While Goulet was away Shaminder had drifted back to the streets.

"I asked if she wanted to go back to the house. I told her we were going to fix it up."

She didn't say much, but a few days later, at 3 a.m., she knocked on the front door. It felt like a happy homecoming.

"I will never leave you," Goulet told her several times.

They talked about marriage, but she said her family would never accept him. Then she asked if Goulet would hold her until she fell asleep. It became a familiar routine as they sat in the dark living room, their favourite Beatles song playing softly in the background: Half of what I say is meaningless, but I say it just to reach you, Julia . . . .

On sunny days, Goulet would take Shaminder riding on his moped. She loved to feel the wind on her face.

"She made me happy. She made me a better person," he says.

But the fairy tale gave way to reality.

On Sunday, Feb. 10, Shamind-er and Goulet got into an argument about money. She had been depressed for several days, and Gou-let lost his temper.

"Leave me the f---alone," he yelled.

On her way out of the house, Shaminder asked Stewart for a cigarette. He told her "not now."

Two days passed and both men began to worry about her. She had disappeared before, one time hitching a ride with a truck driver to Edmonton. It was winter, and they'd eventually found her in the hospital.

On Feb. 12, Goulet flagged down a police car and reported Shaminder missing. On Valentine's Day, he scoured downtown Abbotsford. He stumbled across the rally at Jubilee Park and used the microphone to ask if anyone had seen her.

Two days later, someone told Abbotsford police Shaminder had been downtown at 8 p.m.

The next morning began with more hopeful news: a friend told Goulet he'd seen Shaminder at the Abbotsford mental health office. Another friend confirmed it.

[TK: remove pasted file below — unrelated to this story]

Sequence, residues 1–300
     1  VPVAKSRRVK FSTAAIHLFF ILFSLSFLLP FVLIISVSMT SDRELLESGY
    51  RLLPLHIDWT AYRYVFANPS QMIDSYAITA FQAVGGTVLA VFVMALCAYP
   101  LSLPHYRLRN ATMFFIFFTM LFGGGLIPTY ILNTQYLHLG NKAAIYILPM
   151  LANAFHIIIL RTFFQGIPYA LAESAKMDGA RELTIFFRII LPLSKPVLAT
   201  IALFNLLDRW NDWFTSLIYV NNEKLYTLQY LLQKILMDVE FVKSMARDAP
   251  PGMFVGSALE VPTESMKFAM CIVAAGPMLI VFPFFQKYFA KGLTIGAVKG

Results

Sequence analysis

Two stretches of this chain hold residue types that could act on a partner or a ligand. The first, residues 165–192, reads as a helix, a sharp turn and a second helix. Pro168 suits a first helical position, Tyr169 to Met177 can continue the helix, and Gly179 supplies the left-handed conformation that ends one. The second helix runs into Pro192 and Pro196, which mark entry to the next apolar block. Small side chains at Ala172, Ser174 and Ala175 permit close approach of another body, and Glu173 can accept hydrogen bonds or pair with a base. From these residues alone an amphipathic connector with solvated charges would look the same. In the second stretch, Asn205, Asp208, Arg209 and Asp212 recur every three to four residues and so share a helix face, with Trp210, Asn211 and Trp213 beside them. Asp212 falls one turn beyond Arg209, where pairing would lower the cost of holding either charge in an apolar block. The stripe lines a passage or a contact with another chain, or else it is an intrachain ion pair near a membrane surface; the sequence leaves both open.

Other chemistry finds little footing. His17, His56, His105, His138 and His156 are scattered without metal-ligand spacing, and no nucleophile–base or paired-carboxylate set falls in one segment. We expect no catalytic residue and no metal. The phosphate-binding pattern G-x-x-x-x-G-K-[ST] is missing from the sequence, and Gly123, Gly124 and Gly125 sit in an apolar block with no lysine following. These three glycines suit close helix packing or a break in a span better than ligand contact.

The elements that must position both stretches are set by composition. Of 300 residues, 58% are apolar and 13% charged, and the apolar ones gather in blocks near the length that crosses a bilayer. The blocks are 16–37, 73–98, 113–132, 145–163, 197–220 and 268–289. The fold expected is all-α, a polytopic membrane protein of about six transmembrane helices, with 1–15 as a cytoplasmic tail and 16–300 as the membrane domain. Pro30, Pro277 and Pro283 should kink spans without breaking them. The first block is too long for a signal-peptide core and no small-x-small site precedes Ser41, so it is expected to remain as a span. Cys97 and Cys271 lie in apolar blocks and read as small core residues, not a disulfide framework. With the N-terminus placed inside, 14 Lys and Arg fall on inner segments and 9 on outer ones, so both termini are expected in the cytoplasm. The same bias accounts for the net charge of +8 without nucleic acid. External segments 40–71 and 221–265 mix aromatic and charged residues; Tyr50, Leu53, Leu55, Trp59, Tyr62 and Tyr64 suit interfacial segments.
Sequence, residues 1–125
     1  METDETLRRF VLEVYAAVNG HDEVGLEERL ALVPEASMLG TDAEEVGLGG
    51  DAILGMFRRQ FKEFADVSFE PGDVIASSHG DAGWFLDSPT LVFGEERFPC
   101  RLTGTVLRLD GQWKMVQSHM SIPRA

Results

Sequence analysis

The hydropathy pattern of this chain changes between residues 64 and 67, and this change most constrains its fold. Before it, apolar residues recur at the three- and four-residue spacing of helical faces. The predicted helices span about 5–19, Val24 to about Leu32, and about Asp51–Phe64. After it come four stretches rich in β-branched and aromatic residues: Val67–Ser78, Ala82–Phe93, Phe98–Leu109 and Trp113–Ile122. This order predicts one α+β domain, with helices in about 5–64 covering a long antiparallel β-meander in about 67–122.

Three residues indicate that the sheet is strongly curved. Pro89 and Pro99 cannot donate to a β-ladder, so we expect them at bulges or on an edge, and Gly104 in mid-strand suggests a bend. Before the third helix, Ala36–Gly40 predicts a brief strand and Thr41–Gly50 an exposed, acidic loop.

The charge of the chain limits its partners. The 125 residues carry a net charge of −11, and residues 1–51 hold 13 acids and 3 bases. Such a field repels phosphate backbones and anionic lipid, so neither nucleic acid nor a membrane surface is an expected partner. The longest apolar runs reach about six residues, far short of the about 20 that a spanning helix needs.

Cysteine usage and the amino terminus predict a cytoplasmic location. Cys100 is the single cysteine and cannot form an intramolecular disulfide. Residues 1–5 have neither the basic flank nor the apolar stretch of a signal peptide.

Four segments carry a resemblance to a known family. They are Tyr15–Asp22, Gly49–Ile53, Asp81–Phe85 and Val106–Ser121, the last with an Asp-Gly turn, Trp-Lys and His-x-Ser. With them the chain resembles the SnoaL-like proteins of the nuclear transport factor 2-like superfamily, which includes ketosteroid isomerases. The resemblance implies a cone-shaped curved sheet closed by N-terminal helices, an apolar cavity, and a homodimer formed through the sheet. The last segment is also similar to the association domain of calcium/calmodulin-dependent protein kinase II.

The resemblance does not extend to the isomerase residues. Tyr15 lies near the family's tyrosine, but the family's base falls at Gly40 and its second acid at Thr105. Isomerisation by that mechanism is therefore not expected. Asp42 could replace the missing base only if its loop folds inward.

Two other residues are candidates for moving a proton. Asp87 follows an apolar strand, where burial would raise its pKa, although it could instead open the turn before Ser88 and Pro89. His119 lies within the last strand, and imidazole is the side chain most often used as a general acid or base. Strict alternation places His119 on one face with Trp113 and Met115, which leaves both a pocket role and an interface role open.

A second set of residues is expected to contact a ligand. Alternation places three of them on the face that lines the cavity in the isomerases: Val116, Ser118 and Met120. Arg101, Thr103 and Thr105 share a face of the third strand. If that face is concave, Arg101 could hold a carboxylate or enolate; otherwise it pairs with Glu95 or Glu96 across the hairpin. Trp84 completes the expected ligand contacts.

Goulet called the office, but staff told him she hadn't been in.

"I went from so high to so low," he says. "I yelled that they were lying to me."

An hour later, he got a call from his landlord telling him two police officers were on their way to see him.

"I thought, all right, I got through to them, they're coming down here and we're going to go to mental health and get this all sorted out. We're going to find her."

"Gary, we found a body," the officers said.

Shaminder was officially identified two days later.

Abbotsford police have no indication her death was anything but a hit and run.

Police believe she was killed sometime between Feb. 16 at 8 p.m. and Feb. 18 at 10 a.m., an unwieldy timeline for investigators struggling to identify a suspect vehicle.

Those who loved her are devastated and struggle with another set of questions about the driver who hit her and how she died.

"How were we to know the end was coming?" asks her father.

"Did she think I didn't love her?" wonders Gary Goulet.

Gary Stewart catches himself looking for Shaminder as he drives to work in the morning.

A happy ending is out of reach, but she deserves resolution, he says.

"She deserved better in life, and she deserves better now."



  • Untitled.jpeg
    10.8 KB · Reads: 237
Last edited by a moderator:

Tejwant Singh

Jun 30, 2004
Henderson, NV.
This is what we sadly call a generation gap which is a common thing to create distance between the parents and their off springs which is taken for granted and accepted as a norm.

For me, it is to the contrary. When I became a Dad for the first time in 1990, I decided to approach my kids as I was older, "wiser" than they were. Generation gap is demarked by the parents who expect for their kids to understand and accept their parents as they are rather than vice versa, especially among the kids born in the diaspora.

It is our duty as parents to get closer to our kids in order to understand their mindset rather than expecting them to do the opposite.

I find myself fortunate in this respect. I can talk about sex, birth control, LGBT and everything in between to my kids openly who are 17 and 22 respectively.

Tejwant Singh
Last edited: